Scratch Built Toe Clamps Keep Your Work In Place

[Kevin] owns a benchtop CNC mill that has proven itself to be a capable tool, but after becoming familiar with some of its shortcomings, he has made a few modifications. In order to more efficiently hold and access workpieces on his custom fixturing table, he designed and made his own toe clamps and they look beautiful.

The usual way to secure a piece of stock to a fixturing table is to use top-down clamps, which hold the workpiece from the top and screw down into the table. However, this method limits how much of the stock can be accessed by the cutting tool, because the clamps are in the way. The most common way around this is to mount a vise to the table and clamp the workpiece in that. This leaves the top surface completely accessible. Unfortunately, [Kevin]’s benchtop Roland MDX-450 has a limited work area and he simply couldn’t spare the room. His solution was toe clamps, which screw down to the table and have little tabs that move inwards and downward. The tabs do the work of clamping and securing a piece of stock while maintaining a very low profile themselves.

The clamp bases are machined from stainless steel and the heads are brass, and the interface between the two is a set screw. Inserting a hex wrench and turning the screw moves the head forward or back, allowing a workpiece to be clamped from the sides with minimal interference. His design was done in Fusion 360 and is shared online.

Another option for when simple clamps won’t do the job is a trick from [NYC CNC], which is to use an unexpected harmony of blue painter’s tape and superglue which yields great results in the right circumstances.

15 thoughts on “Scratch Built Toe Clamps Keep Your Work In Place

  1. Very clever little design, so simple and compact! I like the process photos. Interesting that you can just tap the threads into the brass piece after cutting it, I would have thought you’d have to drill the hole, tap it, then cut it in half. For some reason, I’m not sure what my reasoning is. I’ve not done much machining of metal–yet!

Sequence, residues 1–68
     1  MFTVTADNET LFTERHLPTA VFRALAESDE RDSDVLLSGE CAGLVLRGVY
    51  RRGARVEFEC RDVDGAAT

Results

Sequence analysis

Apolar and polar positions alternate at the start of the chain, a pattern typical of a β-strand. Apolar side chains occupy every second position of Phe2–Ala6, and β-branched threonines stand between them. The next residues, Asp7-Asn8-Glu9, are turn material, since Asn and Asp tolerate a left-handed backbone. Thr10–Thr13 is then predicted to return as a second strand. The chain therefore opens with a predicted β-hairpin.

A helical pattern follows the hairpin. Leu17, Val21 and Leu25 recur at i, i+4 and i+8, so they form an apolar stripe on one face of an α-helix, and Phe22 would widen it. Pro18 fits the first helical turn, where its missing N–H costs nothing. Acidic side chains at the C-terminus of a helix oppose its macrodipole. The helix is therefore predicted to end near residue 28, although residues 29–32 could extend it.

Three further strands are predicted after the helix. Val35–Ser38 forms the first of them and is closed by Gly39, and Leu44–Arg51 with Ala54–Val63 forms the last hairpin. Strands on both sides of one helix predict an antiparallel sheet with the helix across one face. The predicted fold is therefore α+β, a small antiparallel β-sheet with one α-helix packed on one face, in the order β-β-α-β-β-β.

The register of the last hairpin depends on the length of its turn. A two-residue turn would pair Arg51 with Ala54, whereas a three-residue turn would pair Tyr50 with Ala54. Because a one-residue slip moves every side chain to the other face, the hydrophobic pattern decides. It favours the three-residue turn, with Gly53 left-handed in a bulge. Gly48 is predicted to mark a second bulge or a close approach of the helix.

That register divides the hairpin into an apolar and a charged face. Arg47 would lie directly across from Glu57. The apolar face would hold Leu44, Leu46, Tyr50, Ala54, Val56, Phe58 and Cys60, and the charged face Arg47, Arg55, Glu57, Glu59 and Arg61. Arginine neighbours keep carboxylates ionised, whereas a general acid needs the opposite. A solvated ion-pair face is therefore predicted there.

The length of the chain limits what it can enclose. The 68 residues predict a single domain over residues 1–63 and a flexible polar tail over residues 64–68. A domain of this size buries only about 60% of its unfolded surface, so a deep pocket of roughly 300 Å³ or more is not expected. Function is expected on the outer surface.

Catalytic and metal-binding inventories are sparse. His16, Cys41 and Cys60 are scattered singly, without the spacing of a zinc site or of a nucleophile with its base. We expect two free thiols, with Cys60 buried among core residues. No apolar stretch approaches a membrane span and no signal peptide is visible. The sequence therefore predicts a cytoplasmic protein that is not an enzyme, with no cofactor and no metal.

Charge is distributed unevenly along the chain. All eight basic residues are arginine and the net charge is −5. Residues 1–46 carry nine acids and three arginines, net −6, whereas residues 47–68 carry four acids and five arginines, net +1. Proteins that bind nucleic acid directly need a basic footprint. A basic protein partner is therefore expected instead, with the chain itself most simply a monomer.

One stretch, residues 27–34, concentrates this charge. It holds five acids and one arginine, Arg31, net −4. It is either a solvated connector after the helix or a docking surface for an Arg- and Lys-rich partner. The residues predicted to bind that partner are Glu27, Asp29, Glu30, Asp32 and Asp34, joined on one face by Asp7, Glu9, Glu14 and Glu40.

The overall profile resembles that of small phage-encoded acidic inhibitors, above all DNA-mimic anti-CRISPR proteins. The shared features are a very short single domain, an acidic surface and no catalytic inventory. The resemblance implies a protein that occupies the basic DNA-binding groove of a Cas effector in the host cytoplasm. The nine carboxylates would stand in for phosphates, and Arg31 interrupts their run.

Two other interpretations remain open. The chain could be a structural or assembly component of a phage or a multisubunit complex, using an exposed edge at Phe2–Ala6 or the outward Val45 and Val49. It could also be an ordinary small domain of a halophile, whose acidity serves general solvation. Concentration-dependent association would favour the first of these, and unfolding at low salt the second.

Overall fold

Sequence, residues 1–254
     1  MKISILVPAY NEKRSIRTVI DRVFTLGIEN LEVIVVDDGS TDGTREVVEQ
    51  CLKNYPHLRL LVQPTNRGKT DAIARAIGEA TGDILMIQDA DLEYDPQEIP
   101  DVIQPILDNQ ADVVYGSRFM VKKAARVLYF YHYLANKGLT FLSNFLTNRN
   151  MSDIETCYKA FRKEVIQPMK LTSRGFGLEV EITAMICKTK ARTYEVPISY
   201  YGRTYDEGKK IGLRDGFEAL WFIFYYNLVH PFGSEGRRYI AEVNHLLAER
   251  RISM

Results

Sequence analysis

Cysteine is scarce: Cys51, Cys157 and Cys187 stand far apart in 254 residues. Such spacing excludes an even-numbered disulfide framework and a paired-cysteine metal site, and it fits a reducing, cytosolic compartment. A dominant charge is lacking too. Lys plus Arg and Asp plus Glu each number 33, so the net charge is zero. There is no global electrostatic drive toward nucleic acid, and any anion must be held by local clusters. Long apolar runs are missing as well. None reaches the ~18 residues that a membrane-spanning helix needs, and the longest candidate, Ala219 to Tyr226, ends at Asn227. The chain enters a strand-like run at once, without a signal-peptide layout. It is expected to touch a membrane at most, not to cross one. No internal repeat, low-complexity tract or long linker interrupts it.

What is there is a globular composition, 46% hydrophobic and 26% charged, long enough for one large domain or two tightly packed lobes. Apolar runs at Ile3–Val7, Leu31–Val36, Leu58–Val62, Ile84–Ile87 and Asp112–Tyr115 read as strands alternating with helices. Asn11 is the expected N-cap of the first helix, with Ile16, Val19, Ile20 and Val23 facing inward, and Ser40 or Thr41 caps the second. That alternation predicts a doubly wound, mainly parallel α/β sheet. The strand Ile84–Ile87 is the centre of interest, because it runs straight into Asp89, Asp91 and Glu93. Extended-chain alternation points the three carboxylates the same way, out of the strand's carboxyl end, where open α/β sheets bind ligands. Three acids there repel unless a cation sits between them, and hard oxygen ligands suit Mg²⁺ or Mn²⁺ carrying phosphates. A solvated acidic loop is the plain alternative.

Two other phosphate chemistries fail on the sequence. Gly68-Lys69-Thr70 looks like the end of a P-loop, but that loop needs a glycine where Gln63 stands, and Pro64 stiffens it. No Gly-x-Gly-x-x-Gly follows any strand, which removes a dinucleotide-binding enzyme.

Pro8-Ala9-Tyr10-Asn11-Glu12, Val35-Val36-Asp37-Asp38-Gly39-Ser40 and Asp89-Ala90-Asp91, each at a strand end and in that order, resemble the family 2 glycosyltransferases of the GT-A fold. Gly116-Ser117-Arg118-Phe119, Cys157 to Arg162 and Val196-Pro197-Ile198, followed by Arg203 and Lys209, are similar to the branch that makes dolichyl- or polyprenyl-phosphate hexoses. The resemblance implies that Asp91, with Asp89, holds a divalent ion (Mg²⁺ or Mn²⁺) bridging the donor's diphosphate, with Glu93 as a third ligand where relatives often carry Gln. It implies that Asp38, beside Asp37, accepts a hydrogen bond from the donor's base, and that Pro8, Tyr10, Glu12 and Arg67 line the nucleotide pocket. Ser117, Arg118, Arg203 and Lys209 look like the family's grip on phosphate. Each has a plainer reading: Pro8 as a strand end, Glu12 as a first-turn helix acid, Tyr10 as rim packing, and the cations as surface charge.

Well done!

  2. These look really well done, but still consume the side faces a bit.
    I’ve used the super glue trick for securing flat aluminum stock for machining all the way down the base without any clamps for a couple years now.
    Two flat clean surfaces, add a drop of thin super glue, wait 10 minutes. Machine away.
    Keep it cool and it can literally hold a ton. It will stand up to pretty much everything, barring fly cutting too far from the joint.
    Heat it up a little with a torch when you are done, and the part pops right off.

      1. The tape trick works fine for flat parts and 3 axis milling. In my experience, if you want to do undercutting with a 4 or 5 axis, you’ll need the extra strength that just using the glue provides. I used this to cut about a 30 degree angle into and under my parts right into the base plate and it still holds fast. The real trick then was being able to break down the glue with heat, so as to not damage your parts on removal then.

  3. Very nice! I _just_ finished trying to solve this exact problem yesterday. Don’t have a nice set of pictures to upload, but I ended up knocking off a couple 3D printed corner clamps I designed. https://cad.onshape.com/documents/c5e5cc9ba342f32452169f5f/w/763ddbd94b189f04f2de0baa/e/7e490b52fb4050cc04d68d00

    Print 2, use a #6 countersink wood screw to secure to the wood sacrifice board on my home made CNC. Was facing a heavily warped 12″ 2×8 last night.

  4. These are lovely!

    As a note, after years of doing the tape and superglue approach (an old luthier trick,) I’ve found that using sheets of adhesive shelf paper (it’s actually plastic, one piece on the table, one on the workpiece,) and spray tack glue works even better for me. The shelf paper is basically 12″ or 18″ wide heavy duty tape so it covers and adheres to broad areas, and the spray glue gives an even adhesive layer and sets really fast (and is way cheaper over time than superglue.) The bond is really strong, but will release when needed.

  5. Cool but not real original. There are tons of commercial offerings based on the same concept. Check out a company called Mitee Bite and others. They have lots of lines of fixturing hold downs and one of them looks a lot like this.

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